Alam?s mother in particular was a formidable woman; determined to get a university education despite the opposition of her mother-in-law to the education of women, she left home every morning in a burkha ?going to visit friends? and went to study. Armed with her degree she dedicated herself to the education of women, and having found little backing for her project, bought a tent and used it to set up her own school for girls.
Later too we heard that his father had dared to evade the ?invitation? sent to him along with the other leading intellectuals of the country to take tea with the occupying Pakistani generals in 1971 just a few days before the end of the war. It was a story accompanied by a picture by Rashid Talukdar of a severed head in rubble, from the killing fields of Rayerbazar. Altogether more than a thousand teachers, journalists, doctors, lawyers, artists, writers and engineers were massacred.
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My Best Shot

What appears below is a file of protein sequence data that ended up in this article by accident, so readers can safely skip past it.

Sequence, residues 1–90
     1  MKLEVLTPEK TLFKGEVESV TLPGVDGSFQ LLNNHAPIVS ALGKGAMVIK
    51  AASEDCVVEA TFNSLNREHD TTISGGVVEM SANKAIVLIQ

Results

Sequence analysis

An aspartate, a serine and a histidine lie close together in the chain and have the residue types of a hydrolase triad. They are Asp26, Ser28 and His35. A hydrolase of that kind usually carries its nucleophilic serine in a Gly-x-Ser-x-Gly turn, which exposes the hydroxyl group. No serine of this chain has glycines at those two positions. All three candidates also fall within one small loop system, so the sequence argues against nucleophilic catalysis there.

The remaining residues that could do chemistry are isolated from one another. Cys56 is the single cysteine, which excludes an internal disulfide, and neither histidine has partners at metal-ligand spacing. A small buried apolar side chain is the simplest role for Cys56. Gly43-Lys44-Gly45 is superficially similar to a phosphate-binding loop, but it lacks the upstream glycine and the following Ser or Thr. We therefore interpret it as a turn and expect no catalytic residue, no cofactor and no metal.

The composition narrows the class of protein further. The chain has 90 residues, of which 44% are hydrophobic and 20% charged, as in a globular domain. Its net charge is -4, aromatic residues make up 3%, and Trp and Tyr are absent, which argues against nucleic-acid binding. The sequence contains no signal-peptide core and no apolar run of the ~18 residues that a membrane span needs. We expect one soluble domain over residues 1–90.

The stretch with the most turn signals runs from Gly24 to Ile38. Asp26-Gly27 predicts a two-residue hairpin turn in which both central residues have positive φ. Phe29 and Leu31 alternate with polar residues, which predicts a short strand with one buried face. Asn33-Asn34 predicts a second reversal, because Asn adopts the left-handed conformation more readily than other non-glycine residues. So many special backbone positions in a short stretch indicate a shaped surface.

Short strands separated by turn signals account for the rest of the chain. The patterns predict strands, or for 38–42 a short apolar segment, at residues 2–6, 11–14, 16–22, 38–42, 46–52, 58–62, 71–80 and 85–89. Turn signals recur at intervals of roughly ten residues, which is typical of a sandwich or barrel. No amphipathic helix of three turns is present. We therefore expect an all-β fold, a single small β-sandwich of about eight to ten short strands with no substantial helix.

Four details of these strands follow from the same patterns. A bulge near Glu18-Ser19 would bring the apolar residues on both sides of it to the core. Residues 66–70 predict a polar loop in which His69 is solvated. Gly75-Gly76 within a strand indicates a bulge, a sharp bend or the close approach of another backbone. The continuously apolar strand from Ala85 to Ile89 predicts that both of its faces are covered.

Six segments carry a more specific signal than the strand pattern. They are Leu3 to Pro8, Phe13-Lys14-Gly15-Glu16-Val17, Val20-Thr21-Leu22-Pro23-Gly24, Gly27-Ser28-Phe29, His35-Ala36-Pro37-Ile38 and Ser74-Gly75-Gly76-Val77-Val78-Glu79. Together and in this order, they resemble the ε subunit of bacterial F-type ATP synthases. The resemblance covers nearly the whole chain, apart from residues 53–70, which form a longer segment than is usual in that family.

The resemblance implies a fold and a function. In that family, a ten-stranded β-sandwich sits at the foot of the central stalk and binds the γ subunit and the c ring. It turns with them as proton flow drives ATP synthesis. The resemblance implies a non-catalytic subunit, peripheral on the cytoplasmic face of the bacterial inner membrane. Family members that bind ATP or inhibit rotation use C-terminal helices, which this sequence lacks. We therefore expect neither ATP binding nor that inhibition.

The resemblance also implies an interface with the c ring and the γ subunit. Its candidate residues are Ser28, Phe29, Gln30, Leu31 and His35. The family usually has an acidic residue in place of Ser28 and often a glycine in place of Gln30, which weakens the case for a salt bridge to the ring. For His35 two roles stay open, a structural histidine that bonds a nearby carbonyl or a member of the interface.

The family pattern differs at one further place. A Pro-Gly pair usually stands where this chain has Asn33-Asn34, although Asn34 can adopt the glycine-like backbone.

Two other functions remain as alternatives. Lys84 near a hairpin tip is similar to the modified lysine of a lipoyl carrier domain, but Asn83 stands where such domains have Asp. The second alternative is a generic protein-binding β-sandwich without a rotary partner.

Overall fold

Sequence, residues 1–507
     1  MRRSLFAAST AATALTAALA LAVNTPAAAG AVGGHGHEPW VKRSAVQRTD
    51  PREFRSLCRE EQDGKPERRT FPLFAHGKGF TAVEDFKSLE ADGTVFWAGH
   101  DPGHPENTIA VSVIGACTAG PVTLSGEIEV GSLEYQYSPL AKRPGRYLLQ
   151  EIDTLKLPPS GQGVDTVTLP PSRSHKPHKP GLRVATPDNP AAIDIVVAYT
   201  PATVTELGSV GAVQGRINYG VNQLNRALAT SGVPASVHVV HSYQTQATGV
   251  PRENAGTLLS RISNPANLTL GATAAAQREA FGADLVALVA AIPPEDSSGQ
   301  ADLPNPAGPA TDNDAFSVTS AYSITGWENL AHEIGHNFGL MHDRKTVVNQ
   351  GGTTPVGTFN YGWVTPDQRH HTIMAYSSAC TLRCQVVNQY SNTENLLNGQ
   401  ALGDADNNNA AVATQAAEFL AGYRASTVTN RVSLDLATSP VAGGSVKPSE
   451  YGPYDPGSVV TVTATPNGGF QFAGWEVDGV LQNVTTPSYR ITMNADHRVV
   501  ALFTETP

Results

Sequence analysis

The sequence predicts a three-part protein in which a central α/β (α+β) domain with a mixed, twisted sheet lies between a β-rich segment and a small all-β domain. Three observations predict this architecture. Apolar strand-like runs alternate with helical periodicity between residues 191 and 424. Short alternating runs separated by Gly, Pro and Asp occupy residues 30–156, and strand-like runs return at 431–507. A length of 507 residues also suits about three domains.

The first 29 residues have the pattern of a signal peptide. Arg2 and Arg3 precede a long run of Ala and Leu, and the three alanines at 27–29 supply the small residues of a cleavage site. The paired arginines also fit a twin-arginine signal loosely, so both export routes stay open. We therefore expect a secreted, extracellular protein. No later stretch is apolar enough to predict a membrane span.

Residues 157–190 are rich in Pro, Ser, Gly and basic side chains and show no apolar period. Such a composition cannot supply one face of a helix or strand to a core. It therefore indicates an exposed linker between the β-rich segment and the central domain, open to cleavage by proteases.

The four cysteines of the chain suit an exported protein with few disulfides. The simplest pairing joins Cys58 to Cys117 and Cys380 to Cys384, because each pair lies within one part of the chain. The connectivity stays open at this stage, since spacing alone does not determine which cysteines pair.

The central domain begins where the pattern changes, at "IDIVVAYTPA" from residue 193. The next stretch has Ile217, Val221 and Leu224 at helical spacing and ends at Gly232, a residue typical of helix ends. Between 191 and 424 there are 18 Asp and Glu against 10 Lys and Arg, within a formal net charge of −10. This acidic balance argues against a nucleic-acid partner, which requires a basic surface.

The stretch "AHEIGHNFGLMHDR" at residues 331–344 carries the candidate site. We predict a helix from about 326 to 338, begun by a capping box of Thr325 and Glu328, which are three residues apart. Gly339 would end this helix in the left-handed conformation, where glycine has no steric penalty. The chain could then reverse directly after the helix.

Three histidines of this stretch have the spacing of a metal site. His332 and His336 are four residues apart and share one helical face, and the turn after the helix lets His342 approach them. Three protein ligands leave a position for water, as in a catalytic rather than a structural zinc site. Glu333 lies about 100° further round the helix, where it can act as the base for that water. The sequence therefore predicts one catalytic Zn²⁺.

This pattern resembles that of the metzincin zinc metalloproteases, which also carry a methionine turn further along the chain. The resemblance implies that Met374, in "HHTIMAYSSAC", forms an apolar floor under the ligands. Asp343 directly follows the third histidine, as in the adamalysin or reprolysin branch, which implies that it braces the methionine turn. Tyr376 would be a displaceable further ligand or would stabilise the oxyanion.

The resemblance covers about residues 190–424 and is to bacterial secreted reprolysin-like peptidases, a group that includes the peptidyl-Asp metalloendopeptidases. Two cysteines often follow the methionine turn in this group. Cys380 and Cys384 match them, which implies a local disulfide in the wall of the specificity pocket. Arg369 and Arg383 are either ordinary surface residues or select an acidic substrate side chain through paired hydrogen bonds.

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Guardian 16th October 2011

Photographer Shahidul Alam’s best shot

‘The fisherman told me the river is a destructive animal. It had destroyed his home many times’

The only fish that matters ? Shahidul Alam's shot of ilish fishing on the river Brahmaputra, Bangladesh. Photograph: Shahidul Alam/Drik/Majority World
I was working on a story about?the Brahmaputra river, following it from its source in Tibet, through?Arunachal Pradesh and?Assam in India, right the way to the Bay of Bengal in Bangladesh. I had been doing it for about three and a half years, and a sail boat was the missing element in the story.
In Bangladesh, there were once over 800 species of riverboats, most of which have now disappeared, largely because of the advent of motorboats and changing lifestyles. But during the monsoon, fishermen still go out to catch a particular fish called?ilish, which is a delicacy in Bangladesh. To the connoisseur, it is the ilish of this particular river that is said to be the only type that matters.